WNC grad helping others at early age
In her six years of learning and service at Western Nevada College, Laura Kruse has learned how to pay it forward. As a peer mentor in WNC’s Counseling Office on the Carson City campus, Kruse has helped guide many new students through the registration process. Now, as she graduates Monday, Kruse plans to help countless others in the future through her chosen profession.
Kruse will cross the stage Monday to receive an Associate of Applied Science Degree in Nursing.
Reflecting on her education at WNC, she’s thankful for all those who have helped her along the way.
“There have been so many people that have contributed to supporting my academic endeavors, including my parents, teachers and friends,” Kruse said. “I also met my fiancé through a friend in the nursing program, which is one of the best things that happened during school. There has been a whole range of experiences that I have had during my time here, but to sum it all up, I would say that it has been time very well-spent and I wouldn’t change a thing.”
Kruse began taking classes at WNC while being home-schooled as a 15-year-old, earning a Health Information Technology degree in 2011.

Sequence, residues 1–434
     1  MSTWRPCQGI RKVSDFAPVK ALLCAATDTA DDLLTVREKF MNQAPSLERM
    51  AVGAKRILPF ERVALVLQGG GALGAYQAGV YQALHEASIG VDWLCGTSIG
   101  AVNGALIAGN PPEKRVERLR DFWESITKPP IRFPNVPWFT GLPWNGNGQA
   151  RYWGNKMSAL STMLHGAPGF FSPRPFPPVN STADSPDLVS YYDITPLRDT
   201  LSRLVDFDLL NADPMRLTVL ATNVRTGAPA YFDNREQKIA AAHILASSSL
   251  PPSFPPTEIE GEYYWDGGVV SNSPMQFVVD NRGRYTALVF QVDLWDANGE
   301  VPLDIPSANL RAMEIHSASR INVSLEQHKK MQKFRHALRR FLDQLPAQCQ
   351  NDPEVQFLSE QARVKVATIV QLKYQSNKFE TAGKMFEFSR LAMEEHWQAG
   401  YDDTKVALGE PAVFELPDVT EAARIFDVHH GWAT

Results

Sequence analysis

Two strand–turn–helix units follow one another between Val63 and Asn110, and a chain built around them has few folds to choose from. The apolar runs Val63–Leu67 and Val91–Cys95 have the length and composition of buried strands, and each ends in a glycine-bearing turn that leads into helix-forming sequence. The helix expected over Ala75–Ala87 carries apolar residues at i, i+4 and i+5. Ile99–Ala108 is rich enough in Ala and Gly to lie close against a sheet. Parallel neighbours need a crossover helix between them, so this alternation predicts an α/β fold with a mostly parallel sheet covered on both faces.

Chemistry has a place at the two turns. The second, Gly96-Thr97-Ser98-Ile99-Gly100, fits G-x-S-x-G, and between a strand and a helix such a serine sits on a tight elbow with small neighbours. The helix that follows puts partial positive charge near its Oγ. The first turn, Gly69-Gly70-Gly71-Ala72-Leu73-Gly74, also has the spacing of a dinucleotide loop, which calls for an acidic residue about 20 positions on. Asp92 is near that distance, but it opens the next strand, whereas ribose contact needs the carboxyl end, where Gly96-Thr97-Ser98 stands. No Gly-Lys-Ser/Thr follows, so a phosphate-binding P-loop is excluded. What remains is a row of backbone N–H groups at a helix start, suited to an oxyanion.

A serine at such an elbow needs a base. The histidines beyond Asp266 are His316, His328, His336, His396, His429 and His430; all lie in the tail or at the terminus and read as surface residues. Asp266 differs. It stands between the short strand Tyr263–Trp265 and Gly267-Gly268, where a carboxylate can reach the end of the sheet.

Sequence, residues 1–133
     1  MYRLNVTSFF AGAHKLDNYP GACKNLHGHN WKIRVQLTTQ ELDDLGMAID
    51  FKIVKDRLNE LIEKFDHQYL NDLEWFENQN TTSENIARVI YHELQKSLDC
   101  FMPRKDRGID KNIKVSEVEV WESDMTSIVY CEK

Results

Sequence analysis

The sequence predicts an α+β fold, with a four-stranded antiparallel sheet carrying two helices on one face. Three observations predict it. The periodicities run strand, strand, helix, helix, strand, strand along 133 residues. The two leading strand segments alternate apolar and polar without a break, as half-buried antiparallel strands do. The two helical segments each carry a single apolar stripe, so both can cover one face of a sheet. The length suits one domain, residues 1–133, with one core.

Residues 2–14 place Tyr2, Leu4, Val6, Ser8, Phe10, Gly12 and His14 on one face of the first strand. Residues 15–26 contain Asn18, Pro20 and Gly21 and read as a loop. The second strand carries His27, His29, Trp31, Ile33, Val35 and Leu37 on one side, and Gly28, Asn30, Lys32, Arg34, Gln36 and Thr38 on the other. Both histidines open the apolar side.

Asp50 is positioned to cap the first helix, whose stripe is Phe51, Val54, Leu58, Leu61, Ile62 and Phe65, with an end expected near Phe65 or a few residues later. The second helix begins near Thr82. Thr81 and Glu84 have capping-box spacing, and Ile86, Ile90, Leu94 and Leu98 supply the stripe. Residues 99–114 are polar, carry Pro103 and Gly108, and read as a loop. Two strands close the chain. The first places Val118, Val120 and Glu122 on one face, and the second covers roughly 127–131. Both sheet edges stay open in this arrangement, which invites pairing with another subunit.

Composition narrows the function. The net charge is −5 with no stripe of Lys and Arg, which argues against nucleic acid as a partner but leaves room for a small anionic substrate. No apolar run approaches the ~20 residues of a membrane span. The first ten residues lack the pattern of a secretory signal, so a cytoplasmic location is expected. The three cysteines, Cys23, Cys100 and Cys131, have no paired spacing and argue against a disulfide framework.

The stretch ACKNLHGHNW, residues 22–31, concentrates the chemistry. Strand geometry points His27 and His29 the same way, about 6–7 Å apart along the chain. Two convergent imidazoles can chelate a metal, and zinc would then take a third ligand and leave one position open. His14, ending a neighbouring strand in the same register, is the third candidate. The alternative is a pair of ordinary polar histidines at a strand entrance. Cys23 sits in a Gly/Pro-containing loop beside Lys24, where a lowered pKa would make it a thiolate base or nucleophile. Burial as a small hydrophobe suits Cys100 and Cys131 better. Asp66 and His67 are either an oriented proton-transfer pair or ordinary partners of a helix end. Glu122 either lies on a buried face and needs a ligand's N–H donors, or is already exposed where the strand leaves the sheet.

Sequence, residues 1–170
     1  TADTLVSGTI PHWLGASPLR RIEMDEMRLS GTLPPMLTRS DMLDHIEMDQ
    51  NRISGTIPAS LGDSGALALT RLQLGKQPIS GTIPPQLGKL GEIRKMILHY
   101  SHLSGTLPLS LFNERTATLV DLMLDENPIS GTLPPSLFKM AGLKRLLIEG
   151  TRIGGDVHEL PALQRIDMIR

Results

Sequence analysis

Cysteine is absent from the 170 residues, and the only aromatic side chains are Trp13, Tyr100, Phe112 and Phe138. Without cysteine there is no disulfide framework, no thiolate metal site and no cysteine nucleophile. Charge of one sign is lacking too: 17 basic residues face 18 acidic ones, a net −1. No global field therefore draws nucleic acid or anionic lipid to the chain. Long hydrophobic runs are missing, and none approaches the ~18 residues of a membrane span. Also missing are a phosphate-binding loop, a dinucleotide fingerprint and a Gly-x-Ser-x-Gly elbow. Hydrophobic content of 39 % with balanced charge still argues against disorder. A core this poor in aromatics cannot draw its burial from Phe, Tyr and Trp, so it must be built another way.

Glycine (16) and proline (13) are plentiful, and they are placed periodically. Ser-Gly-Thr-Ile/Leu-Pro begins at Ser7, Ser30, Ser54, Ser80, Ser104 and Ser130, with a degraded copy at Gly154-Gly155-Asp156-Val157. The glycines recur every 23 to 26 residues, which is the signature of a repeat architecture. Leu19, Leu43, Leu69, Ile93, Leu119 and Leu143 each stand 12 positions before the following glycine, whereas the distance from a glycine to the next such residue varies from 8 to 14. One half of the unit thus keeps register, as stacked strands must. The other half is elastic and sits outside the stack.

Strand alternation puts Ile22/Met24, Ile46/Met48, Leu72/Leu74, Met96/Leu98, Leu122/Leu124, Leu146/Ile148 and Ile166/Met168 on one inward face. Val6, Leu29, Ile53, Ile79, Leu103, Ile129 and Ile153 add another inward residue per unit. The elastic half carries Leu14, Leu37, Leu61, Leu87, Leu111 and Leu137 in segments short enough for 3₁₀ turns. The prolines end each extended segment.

“The nursing program on campus has a great reputation, and at the time I was already enrolled in the Health Information Technology degree, which proved to be the perfect transition into the health field,” Kruse said.
For the past four years, Kruse has also worked as a peer mentor in the counseling office, helping new students meet deadlines and guiding them through the registration requirements.
“I like variety, and working in the counseling office always provides this chance to answer new questions and work with different challenges,” Kruse said. “Everyone brings their own perspective and background. Even making a small impact on another person is a privilege.”
WNC Counseling Services Director Deborah Case said Kruse has brought many qualities to her position.
“Laura has done an excellent job. She is very knowledgeable, friendly and clearly cares about the students she is helping.
“She performed these duties while meeting the demands of the nursing program, which requires students to take two years of prerequisite classes, followed by two years of more complex classes focused almost entirely on nursing. We will miss her.”
“My immediate short-term goal is to regain some of the sleep that has been lost in the last two years and learn to cook something besides ramen noodles,” Kruse said. And of course, she intends to prepare for the National Council Licensure Examination in June.
“This is my last step in gaining licensure as a registered nurse,” she said. “I have enrolled at UNR for the fall and am going on to complete my bachelor’s degree. From there, I am planning to continue with my education and become a nurse practitioner.”